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Hi everyone,


Welcome to a new episode of my Bluetooth in Action series. In this episode, I'll be looking at the different ways you can program, or use, the BGM111 module. As you'll see, you have three choices.


 In order to understand the different ways of using the module, we first need to look at how Bluetooth modules used to be connected. Bluetooth modules were integrated modules containing a small microcontroller, but you never knew exactly what it was, because you didn’t have access to it. When powered, it would automatically initiate a start-up sequence, read some parameters from flash, and open up a serial port; mostly UART or SPI. From there, your hardware application would “talk” to the module using serial, sending instructions and receiving responses. Once your application had configured the Bluetooth module as needed, the module would then enter a specific mode, where instead of communicating instructions, you would communicate raw data to be sent on the Bluetooth link, and you would receive data from that link.


To be honest, that actually worked pretty well. It was a problem to develop for, though. Most of these adapters used the old-style AT commands, and you had to write your own API. It wasn’t particularly difficult, it just required string manipulation knowledge. The problem often came with what is known as command and data mode. When in command mode, the adapter accepted instructions, and responded to those instructions. Like “Tell me know many adapters are visible”, “Here you go”. Data mode was simple; each byte received on the UART was broadcast to connected devices, and vice versa. One of the most frequent problems encountered was when switching between these two modes; if something went wrong, and you didn’t check, then the next time you issued an AT command, instead of being processed by the adapter, the string would be broadcast to all connected devices, who probably had no idea what you were talking about.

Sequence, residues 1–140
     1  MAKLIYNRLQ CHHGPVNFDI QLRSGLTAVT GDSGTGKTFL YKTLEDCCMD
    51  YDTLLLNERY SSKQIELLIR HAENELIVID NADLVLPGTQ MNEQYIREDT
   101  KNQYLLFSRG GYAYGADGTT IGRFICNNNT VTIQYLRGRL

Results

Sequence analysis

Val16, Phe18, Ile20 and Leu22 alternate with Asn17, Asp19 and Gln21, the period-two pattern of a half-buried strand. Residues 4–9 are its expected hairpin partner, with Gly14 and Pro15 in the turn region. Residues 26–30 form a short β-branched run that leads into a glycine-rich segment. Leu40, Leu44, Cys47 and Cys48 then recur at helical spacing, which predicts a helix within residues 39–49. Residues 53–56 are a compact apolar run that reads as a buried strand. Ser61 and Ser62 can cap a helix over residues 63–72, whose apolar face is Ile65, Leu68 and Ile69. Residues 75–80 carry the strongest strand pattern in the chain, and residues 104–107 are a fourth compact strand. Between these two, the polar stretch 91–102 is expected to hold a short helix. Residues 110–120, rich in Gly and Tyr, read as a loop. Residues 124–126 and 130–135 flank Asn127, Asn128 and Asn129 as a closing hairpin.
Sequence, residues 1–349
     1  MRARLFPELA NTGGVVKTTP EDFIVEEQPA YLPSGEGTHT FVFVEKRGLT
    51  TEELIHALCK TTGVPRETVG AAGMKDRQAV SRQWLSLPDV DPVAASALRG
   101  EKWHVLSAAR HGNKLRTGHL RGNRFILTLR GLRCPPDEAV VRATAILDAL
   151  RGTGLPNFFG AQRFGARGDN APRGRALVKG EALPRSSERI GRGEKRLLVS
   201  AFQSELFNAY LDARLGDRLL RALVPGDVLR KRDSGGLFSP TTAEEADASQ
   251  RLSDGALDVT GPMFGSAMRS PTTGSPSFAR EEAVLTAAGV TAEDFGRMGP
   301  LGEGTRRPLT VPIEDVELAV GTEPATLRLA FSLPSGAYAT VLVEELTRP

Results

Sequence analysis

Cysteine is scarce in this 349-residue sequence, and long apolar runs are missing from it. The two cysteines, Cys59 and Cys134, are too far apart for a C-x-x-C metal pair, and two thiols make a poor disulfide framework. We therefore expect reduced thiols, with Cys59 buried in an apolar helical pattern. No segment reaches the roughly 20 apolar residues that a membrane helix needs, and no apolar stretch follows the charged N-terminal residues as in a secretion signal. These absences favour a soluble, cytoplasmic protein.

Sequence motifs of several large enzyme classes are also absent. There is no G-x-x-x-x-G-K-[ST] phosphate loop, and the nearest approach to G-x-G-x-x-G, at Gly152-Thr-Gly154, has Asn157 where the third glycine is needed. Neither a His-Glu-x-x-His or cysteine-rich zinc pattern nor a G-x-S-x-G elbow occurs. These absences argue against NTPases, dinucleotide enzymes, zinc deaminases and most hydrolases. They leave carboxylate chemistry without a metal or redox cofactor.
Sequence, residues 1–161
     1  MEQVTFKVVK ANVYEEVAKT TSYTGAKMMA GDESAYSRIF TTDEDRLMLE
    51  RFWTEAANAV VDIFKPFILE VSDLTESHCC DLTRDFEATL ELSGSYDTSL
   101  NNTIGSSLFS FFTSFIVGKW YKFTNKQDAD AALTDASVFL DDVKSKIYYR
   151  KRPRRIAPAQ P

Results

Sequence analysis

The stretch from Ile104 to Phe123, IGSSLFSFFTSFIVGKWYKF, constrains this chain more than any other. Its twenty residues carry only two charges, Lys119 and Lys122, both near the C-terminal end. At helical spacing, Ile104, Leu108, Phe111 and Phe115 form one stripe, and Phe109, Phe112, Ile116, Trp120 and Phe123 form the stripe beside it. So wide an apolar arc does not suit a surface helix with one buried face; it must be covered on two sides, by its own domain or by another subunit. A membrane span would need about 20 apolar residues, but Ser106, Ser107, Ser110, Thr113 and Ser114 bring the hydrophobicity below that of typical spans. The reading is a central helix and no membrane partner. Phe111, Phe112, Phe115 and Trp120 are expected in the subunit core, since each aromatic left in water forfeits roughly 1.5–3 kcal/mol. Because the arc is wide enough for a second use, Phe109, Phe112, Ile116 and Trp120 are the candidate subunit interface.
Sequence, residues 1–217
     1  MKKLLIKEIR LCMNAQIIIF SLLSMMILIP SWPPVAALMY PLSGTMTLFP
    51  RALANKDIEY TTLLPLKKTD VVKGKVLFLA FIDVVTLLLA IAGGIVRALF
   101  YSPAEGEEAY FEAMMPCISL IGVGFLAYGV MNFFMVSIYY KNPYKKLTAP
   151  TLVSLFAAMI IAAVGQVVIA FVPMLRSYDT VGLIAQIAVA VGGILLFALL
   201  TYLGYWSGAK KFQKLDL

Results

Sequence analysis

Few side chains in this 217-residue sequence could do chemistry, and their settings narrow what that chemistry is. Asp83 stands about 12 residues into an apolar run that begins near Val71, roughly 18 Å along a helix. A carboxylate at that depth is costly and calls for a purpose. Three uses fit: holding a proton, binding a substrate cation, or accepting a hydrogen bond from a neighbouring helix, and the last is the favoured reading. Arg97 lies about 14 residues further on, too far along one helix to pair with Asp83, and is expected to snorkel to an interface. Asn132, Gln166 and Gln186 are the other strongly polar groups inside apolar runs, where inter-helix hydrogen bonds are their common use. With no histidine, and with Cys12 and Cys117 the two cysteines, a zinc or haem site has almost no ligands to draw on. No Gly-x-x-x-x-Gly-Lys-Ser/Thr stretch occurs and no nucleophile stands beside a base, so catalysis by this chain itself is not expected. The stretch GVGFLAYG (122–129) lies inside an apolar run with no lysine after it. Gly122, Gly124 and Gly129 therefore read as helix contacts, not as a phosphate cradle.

There was another problem to this – end of life management. Manufacturers often brought out new models as they added features, and if your product had a lifetime of ten years, you would almost certainly need to use, and support, several Bluetooth adapters. There would also be a pretty good chance that their AT commands wouldn’t be identical, that you would have to change a few things along the way. After a few years, your code would probably look something like “if device equals this, then do this, else if device equals this, do this, else if device equals yet another device, then do yet again something else, else printf “whoops! Haven’t finished the API yet”. And what about clients that want a specific firmware version for whatever reason, but who need new hardware? Don’t laugh, I’ve been there, it isn’t pleasant.


Luckily, that’s all over, now your application doesn’t need to configure anything, the module itself can embark enough intelligence to take care of all the fine details, and your application can receive analysed and treated data, concentrating on what it does best. In some cases, the Bluetooth module can replace entire applications. So, let’s have a look at how we can use the module.